By Anthony Kaufman | ReelPolitik June 11, 2014 at 10:18AM
It wasn't so long ago that Russian tanks were rolling through Eastern Europe and subjugating their neighboring country's peoples. Oh, wait: that was just a couple months ago in Ukraine. But Agnieszka Holland's wonderfully engaging miniseries,"Burning Bush" (opening theatrically at New York's Film Forum today), set in Prague 1969, takes this historical moment to create a sensitive and resonant account of Russian totalitarianism that should now feel all too familiar.
From my review in the Utne Reader this month:
Five months after Russian tanks invaded Czechoslovakia, a student named Jan Palach set himself on fire to protest the occupation. Burning Burn tells the suspenseful tale of what followed. A sprawling account, shrouded in fear, paranoia and moral ambiguity, the film follows several individuals affected by Palach’s act of resistance: his grief-stricken mother and brother; their shrewd female lawyer and her husband; the student activists who support him; the investigating police who want to prevent further acts of immolation and unrest; and a Communist party member who exploits Palach’s death.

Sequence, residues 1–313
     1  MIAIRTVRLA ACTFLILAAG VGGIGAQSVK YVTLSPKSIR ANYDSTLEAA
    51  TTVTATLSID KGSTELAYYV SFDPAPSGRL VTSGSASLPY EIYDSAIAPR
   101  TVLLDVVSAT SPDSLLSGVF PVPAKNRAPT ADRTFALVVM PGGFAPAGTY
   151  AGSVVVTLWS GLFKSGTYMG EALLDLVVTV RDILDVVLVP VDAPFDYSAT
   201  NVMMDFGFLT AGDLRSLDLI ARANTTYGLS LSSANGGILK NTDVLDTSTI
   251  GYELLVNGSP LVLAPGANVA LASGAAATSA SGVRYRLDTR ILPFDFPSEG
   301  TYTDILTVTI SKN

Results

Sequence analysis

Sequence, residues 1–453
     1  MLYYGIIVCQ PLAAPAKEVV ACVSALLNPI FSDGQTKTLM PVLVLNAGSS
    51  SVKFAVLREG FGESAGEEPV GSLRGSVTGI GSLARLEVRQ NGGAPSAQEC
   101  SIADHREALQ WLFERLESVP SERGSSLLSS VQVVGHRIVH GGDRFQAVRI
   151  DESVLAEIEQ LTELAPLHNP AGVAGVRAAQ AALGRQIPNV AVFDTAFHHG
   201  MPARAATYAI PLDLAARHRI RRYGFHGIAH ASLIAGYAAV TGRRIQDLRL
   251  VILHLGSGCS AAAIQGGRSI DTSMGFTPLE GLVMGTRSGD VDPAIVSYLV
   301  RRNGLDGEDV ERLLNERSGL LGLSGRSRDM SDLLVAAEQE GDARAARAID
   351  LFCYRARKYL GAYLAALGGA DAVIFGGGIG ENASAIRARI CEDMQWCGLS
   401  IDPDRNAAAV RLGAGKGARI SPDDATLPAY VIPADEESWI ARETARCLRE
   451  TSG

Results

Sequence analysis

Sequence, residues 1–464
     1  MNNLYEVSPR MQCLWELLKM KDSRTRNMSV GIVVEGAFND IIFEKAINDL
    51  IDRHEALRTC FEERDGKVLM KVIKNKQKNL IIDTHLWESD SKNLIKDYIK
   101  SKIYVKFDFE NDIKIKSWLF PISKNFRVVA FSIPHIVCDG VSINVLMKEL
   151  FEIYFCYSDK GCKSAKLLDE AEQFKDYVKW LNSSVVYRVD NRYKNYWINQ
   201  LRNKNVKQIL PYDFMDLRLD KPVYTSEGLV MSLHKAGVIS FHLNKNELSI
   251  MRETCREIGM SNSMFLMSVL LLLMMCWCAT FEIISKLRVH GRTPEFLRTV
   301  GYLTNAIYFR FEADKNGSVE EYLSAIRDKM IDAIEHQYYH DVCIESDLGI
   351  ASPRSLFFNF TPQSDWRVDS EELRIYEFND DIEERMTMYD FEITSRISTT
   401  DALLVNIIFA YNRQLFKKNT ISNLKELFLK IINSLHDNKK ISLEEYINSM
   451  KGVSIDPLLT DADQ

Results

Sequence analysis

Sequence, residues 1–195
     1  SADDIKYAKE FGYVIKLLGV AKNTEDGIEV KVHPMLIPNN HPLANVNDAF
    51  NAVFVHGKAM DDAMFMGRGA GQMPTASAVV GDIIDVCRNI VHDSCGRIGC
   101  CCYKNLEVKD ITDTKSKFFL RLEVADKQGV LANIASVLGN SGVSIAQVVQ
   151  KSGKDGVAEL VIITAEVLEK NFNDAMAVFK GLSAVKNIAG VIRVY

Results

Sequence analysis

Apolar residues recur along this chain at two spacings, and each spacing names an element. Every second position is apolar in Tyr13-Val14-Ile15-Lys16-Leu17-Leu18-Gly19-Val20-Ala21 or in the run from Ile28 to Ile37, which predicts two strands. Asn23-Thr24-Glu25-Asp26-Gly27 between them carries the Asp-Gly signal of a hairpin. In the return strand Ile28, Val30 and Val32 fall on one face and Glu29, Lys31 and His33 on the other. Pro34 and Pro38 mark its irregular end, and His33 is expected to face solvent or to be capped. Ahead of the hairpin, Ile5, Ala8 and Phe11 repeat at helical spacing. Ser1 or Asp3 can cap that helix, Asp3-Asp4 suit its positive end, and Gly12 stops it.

And they are
all, as one character says, “stuck between mill stones.” Originally produced as
a three-part miniseries for HBO Europe, this first-rate political drama is like
a great novel, both emotionally and intellectually satisfying, and filled with
an array of complex characters caught within the throes of a tumultuous history.